What’s more, each label will have an array of superstar releases in the coming months. RCA’s lineup includes Adam Lambert, Usher, Chris Brown, R. Kelly, Pitbull, Pink, Alicia Keys, Ke$ha and Monica. Universal Republic has Akon (SRC), Enrique Iglesias, Florence + the Machine, Godsmack, Jack Johnson, Jessie J (Lava), Nelly, Taylor Swift and the Hunger Games soundtrack, along with the breaking Gotye.

Also on the docket are Young Money/Cash Money’s Lil Wayne and Nicki Minaj, providing Ron Sweeney and Young Money with serious leverage in Cash Money’s renegotiations with UMG. Young Money is also the label home of Drake.

Turning the focus to Nashville, Mike Dungan’s UMG deal is a whopper—it’s said to be four times that of his contract with EMI—while Luke Lewis has quite a bit of time left on his deal and is reportedly holding UMG to it until he decides what's next on his agenda.

 UMG’s sale of Fontana to INgrooves went down just as the Ron Spaulding-led company was starting to make some serious inroads into the dominance of Bob Morelli’s RED—whose recent top sellers include Mumford & Sons (2.2m) and Jason Aldean (2.4m)—in the indie distribution sector. Will INgrooves Fontana be able to compete at the same level? And why did UMG get out of the burgeoning and increasingly profitable indie space? Is Universal content to have INgrooves Fontana as part of its marketshare, while holding a 15-20% stake in the combined company?

As for Spaulding, what happens to the experienced record man who so quickly grew Fontana under Jim Urie, with successful projects like Mac Miller (292k) and Edward Sharpe & the Magnetic Zeros (290k)? Insiders say Spaulding intends to make deals as aggressively as before—though he’s now running the company in partnership with recently named INgrooves topper (and former UMGD and Fontana exec) Dave Zierler; both report to INgrooves founder Robb McDaniels.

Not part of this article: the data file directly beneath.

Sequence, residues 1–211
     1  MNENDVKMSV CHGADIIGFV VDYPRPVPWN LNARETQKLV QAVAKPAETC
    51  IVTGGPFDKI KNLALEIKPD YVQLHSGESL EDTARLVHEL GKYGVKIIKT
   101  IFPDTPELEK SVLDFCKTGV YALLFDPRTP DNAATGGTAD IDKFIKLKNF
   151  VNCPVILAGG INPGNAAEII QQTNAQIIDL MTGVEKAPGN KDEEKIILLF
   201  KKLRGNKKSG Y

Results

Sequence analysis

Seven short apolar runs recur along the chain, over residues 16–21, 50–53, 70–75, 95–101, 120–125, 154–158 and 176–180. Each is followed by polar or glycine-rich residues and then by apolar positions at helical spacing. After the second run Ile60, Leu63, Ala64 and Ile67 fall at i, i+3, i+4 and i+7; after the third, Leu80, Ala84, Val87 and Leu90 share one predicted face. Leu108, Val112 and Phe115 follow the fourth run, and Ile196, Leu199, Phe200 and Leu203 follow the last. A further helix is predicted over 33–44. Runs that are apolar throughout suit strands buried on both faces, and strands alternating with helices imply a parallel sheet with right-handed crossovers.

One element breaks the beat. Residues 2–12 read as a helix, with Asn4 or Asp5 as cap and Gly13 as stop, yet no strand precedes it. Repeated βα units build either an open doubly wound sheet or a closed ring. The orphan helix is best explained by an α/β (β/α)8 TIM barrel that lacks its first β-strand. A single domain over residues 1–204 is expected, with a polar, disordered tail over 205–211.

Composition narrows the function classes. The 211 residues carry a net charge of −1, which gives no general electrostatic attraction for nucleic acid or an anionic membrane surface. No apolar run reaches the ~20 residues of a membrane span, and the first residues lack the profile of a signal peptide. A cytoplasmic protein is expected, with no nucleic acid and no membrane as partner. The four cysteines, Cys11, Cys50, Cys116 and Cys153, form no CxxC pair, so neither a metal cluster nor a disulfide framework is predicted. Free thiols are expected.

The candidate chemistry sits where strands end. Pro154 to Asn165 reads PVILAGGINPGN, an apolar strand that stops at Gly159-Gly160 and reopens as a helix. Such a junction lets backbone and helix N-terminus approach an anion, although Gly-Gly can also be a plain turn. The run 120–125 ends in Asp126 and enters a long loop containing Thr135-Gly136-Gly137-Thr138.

On a closely related subject, what of EMI’s Caroline (with Five Finger Death Punch, 325k, and M83, 110k), which has had a solid successful run of its own under Dominic Pandiscia and Mike Harris? Now that UMG has sold Fontana, will it make Caroline part of its post-merger world?

At one time, ADA (Arcade Fire, 725k, Bon Iver, 410k) was a serious player in the indie sector, but the WMG-owned distribbery is now primarily a sales arm, with the participating labels doing all the heavy lifting in the developmental arcs of their acts, as opposed to the other key players in the space, who boast more bandwidth.

Meanwhile, Alan Grunblatt’s eOne (formerly Koch), which has long been a factor in the urban music arena, is making a move into indie rock on the heels of its successful run with Gavin Rossdale’s Zuma Rock imprint and Bush’s #1 Modern Rock single “The Sound of Winter.” Proactive DIY acts like Bush and The Civil Wars are beginning to challenge the long-standing dominance of the big dogs in this hunt.

What acts will The Voice and American Idol break this year? In 2011, the massive prime-time exposure supercharged the careers of Adam Levine and Jennifer Lopez, while establishing the career of Idol winner Scotty McCreery. Lopez and Christina Aguilera both have singles coming from their next albums, while boy band One Direction, coming off The X Factor in the U.K., streets on March 13, in what promises to be another big score for Simon Cowell.

Names in the rumor mill: Scooter Braun, Mark Shimmel, Jack Rovner, Benny Medina, Ian Montone, David Cohen and Brenda Romano.